Scotland has ambitious targets to combat climate change, setting a target of net-zero Greenhouse Gas (GHG) emissions by 2045 and to reduce emissions by 75% by 2030. One step towards mitigating GHG emissions is the diversification of agriculture.
One of the research questions the Rowett Institute has been answering is, which healthy environmentally sustainable food crops have the potential to be grown in Scotland? Hemp has been identified as one crop that could meet these criteria. Hemp is very nutritious as it is a rich source of protein, dietary fibre, healthy fats & minerals, and the production of hemp is carbon negative. This is because it absorbs more carbon from the atmosphere during growth than is emitted by the equipment used for harvest, process and transport the crop.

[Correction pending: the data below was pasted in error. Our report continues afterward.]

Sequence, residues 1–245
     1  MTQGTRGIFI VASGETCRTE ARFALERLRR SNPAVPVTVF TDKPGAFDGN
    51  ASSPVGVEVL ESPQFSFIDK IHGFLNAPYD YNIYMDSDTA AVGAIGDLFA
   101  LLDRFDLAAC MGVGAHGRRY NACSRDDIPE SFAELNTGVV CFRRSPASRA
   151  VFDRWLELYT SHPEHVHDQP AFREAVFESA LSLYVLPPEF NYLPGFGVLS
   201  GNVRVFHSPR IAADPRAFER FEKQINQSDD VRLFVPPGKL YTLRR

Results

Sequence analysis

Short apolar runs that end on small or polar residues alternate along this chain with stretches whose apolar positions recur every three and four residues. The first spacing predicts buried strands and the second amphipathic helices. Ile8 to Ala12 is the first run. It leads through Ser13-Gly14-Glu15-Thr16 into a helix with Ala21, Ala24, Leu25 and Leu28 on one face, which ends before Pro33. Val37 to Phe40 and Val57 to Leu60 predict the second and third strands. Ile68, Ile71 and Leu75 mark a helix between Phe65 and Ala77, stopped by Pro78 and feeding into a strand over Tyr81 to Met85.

Along with hemp, other potential sustainable nutritious crops identified are pea, broad bean and buckwheat. Research has shown that these crops can from part of a healthy sustainable diet, and a recipe book has been created to highlight the nutritious and adaptability of these crops.
Hemp could play a role in the development and expansion of a low carbon, environmentally responsible industry. It would introduce a new crop to Scottish agriculture, could contribute to greater biodiversity and create new job opportunities across the supply chain.
Would you like to read more? Our full blog was originally post here
This research was conducted by Dr Madalina Neacsu and Professor Wendy Russell.
Research funded by the Scottish Government as part of the Strategic Research Programme.